Saturday, May 15, 2010

DWI Trial: BAC of 0.16 and a Not Guilty Verdict

I got a few calls about my recent DWI trial so I figured I should tell the story. Despite a breath test showing a BAC of 0.16, the jury found my client not guilty.

Here are some details:

For starters, breath tests are not reliable -- see my post on breath test videos for some idea. Also key - in this case my client was innocent. For a variety of reasons, I have no doubt whatsoever.

My client, a retired engineer, had been at home with his wife and her parents. Over a period of three to four hours they shared one bottle of wine, with my client having two glasses. Driving the in-laws home at night, a dog ran out in front of the car.

Client turned around and went back. He turned around again and positioned his car to protect the dog, and put his flashers on. He got out of the car and asked a neighbor to call 911. He stayed at the scene. When the police arrived and asked who the driver was, he stepped forward.

These actions are not consistent with guilt.

The neighbor testified at the trial for the prosecution. While he did smell alcohol on my client's breath, he did not notice any slurred speech, problems with balance, or anything else that might have suggested he was intoxicated.

On the prosecution side, both officers testified that my client had slurred speech. The arresting officer said he had trouble walking and standing - in other words, my client was "falling-down drunk." Strange that the neighbor didn't notice this. Also strange that this officer, in filling out his paperwork that night, did not check the box for impaired speech.

The arresting officer was one of the worst police witnesses I've ever seen, and I'm not the only one with that opinion. At one point he insisted that he'd gotten my client back to the station at 7:30 pm, even though he didn't arrive at the scene of the incident until 7:40 pm.

The time he arrived at the station matters. Police are supposed to observe a suspect for 20 minutes before he blows into the machine, to watch for things that can throw off the test. In this case it appears he arrived at the station 27 minutes before the breath test. The arresting officer said that he kept my client in the booking room for more than 20 minutes. The breath test operator said that he observed my client for more than 20 minutes in the breath test room. Somehow they squeezed that 40+ minutes into the 27 minutes he was there. Or, they didn't observe him properly.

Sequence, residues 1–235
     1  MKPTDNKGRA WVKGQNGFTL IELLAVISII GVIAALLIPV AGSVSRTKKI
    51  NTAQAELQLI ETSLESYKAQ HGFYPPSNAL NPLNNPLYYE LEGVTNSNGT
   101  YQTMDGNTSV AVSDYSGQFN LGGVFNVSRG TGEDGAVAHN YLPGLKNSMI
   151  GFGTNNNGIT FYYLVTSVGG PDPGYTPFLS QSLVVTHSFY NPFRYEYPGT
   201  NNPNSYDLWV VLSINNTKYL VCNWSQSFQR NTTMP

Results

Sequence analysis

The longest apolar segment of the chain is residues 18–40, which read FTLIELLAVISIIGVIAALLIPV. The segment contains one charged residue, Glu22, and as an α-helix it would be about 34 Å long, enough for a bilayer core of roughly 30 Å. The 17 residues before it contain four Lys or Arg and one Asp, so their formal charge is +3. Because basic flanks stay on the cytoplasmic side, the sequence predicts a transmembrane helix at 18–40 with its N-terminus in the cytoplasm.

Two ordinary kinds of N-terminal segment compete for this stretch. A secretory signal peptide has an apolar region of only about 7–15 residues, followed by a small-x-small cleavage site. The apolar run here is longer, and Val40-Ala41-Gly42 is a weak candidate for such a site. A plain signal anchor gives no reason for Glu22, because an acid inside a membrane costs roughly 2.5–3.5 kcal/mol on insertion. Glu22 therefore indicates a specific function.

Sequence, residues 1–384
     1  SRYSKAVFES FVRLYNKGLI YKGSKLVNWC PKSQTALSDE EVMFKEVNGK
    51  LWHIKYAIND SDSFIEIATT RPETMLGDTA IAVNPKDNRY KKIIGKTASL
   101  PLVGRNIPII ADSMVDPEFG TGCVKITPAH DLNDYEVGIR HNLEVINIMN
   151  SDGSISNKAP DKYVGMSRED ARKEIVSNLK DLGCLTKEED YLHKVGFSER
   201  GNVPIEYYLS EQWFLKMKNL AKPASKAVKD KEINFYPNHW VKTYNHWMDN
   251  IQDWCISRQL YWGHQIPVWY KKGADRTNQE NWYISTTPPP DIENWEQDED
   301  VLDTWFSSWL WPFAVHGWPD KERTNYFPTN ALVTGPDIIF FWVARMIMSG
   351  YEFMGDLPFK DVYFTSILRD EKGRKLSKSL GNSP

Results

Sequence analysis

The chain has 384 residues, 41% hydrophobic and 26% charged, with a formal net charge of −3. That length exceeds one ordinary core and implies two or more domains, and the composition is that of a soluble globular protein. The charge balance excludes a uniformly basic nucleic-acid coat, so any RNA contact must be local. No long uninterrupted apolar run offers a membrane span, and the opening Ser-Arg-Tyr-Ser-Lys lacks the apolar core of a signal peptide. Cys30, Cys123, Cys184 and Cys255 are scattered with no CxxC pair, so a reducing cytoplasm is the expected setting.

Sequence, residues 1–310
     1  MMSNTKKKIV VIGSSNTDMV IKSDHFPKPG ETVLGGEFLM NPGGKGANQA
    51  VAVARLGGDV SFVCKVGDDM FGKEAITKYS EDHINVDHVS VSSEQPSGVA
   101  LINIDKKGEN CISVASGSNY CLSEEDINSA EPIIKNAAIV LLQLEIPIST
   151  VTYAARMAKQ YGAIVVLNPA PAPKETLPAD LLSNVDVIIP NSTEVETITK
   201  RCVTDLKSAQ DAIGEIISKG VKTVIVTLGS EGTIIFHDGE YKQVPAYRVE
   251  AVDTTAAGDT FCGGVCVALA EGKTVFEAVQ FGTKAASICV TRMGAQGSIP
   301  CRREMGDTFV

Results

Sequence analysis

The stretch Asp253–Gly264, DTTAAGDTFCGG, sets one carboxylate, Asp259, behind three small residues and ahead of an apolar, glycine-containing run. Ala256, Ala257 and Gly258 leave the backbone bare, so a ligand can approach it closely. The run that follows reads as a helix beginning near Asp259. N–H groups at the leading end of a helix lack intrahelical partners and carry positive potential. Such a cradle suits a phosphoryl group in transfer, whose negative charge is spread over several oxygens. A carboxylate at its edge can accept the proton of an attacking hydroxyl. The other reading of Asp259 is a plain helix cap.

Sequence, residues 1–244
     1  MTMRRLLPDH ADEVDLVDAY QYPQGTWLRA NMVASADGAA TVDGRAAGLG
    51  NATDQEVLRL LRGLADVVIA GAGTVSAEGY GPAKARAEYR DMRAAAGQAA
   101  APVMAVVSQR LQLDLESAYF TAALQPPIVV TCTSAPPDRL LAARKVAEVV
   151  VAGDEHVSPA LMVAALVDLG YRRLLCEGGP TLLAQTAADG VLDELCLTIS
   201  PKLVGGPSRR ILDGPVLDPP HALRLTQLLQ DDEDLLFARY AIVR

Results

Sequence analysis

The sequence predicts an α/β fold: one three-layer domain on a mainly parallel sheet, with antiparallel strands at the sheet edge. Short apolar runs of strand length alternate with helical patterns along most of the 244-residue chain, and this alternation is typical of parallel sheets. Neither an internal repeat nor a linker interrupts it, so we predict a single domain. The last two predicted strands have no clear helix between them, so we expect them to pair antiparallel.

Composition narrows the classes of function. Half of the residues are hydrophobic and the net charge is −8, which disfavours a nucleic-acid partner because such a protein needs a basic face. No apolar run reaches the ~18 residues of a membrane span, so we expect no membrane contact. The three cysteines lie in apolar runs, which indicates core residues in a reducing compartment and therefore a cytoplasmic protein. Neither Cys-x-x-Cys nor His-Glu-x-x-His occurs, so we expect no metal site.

The breath test operator seemed credible. He kept saying that the device is a "highly reliable scientific instrument." When I pointed out that it had been off by ten percent 39 times in a row testing the lab-calibrated solution, he said that was within the parameters. If your speedometer was off by 10%, would you consider that highly reliable? If the gas pump gave you 10% less gas than you paid for, how would you feel about that?

I raised the Confrontation Clause issue with respect to documents that show calibration of the device (see my post on DWI and Melendez-Diaz), and the judge ruled it didn't apply. I'll explain more about this below.

I also tried to raise the problems at the State Police lab that did one of the calibrations. The solution calibration document was signed by Keith Coonrod. Per the NY Times and others, Coonrod covered up widespread systemic problems at the lab. The judge wouldn't allow me to ask the breath test operator if he was aware of these problems.

In our case, Defendant, his wife and her parents (age 90+) all testified that he had 2 glasses of wine over a 4-hour period and that he showed no signs of intoxication.

It was a close call for the jury - they took nearly 5 hours to decide and wrapped up at 11:45 pm on the second day of trial. They found him not guilty.

You'd think I'd be thrilled but that's not the emotion. When you believe your client is innocent, and you get a not-guilty verdict, the feeling is relief.

Getting back to the Confrontation Clause issue, this is really important. I can't cross-examine a machine. The breath test operator comes into Court and testifies how he operated the machine, but he is not competent to explain how it really works, nor to explain it's potential weaknesses.

I've had a number of cases where video showed my clients with no signs of intoxication in the face of police testimony that they had slurred speech, balance problems, etc. The general public does not know what I know from my work, so breath tests have an aura of accuracy and reliability in the public eye. It's wrong.

If the prosecution is going to rely so heavily on this "black box," then the details underlying it are essential facts in the case. They should be required to bring in the supporting witnesses so the defendant has a chance to confront and cross-examine them. Experts are commonly used in other states, like California.

Two other appropriate safeguards for DUI arrests are:
1. Repeating the test a second time, say 10-20 minutes later, to make sure you get a similar result;